The Life Insurance Risk Pool- Part III

Life Insurance

What is the basis of life insurance really grounded upon? What decides whether a company is charging competitive premiums for their products? Although the answers to these questions are very complex, one common collection of data is used to develop the majority of the reasons behind premiums in relation to the death benefit offered, namely, mortality tables.

In Parts 1 and Part 2 of the Life Insurance Risk Pool we learned about risk, pooling, and the law of large numbers. Let us now turn to their foundation through a better understanding of mortality tables.

Every life insurance product must incorporate three key factors in its construction and operation: mortality, interest, and expense. Assumptions are made over the course of time using these three factors to determine policy premiums and structures. The results create experience, which will help determine the solvency and profitability of the company. The part that mortality rates play in this is to project the cost of insurance to cover death claims.

In 2001, the Commissioners Standard Ordinary (CSO) Mortality Tables replaced the 1980 CSO tables. The most significant change was the extension of life mortality to age 120, thereby replacing the age 100 life mortality under the 1980 tables. These table seem to change about every 20 years or so.

Life insurance companies pool their information to create mortality tables that can accurately indicate the number of insured persons in a specific large group (i.e. males, females, smokers, non-smokers etc.) that will die at a particular age. Some carriers may use composite rates which are often generated by methods empirically combining multiple domains of surgical mortality and hospital volume statistics to arrive at life expectancy projections.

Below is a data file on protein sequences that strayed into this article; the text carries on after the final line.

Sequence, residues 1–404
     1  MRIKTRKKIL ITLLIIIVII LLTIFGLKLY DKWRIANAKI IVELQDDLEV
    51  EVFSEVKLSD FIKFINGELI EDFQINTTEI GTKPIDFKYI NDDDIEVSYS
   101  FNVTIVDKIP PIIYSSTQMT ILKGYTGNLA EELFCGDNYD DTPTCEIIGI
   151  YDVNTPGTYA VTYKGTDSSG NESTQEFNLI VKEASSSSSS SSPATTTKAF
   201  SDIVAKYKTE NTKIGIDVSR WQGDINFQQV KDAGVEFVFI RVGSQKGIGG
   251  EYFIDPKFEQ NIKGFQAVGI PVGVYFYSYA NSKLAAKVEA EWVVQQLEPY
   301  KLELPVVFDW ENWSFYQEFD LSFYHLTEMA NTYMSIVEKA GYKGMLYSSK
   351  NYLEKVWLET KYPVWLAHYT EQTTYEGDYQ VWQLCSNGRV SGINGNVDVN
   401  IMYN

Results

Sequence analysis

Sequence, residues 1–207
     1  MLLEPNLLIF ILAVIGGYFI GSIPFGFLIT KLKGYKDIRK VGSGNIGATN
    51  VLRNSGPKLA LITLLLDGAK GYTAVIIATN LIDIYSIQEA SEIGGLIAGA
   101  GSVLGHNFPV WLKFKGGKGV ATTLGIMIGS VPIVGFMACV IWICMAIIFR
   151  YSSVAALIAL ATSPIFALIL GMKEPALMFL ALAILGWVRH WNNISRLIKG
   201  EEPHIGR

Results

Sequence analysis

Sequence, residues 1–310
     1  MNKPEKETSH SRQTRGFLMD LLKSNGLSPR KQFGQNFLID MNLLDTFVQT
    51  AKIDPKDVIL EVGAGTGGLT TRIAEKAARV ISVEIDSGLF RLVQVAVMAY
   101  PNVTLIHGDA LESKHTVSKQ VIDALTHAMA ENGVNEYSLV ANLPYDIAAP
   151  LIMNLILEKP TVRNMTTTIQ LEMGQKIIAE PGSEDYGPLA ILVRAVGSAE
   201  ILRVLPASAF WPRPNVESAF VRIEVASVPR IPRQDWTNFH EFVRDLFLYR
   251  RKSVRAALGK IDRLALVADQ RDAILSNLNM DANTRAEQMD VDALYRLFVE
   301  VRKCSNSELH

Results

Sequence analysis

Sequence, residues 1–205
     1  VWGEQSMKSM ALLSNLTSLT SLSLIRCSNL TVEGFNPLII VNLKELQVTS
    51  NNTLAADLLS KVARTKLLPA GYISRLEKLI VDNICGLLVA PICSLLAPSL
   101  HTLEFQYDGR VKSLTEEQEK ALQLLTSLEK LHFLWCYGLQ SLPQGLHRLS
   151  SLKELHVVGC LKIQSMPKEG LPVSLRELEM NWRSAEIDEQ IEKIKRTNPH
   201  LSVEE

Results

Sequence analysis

Life expectancy is a key element of mortality tables. Life expectancy rates on the 2001 tables are greater than those on the 1980 tables because mortality rates are now lower. In comparison to the 1980 tables, life expectancy for a male is now 75.67 years rather than 70.83 years from the 1980 tables, and women are now 79.87 instead of 75.83. These expectancies increase as people get older. For example, according to the 2001 CSO table, a male reaching age 60 now has a life expectancy of 79.75 years, by age 80 his expectancy is 86.76 years, and by age 90 it is 93.2 years.

Life expectancy is a combination of age and longevity, and longevity decreases more slowly as age increases. This is one of the main reasons why the cost of life insurance goes up as people get older and they find themselves usually paying higher premiums. Let this be a lesson not to wait to get life insurance, the longer we drag our feet the more expensive it may become. Today is the youngest we will ever be…..”He who hesitates is lost.”

About the author: Kyle McDonald holds FIC, FICF, FSCP® & CLTC designations. His viewpoint on life insurance is simple, “Anyone with a family must have life insurance. In the end, life insurance is for others you care about, not you.” He is ready to help you and your family get the best option available. Contact Kyle today at   1-800-651-1953 or KMcDonald@Pivot.com.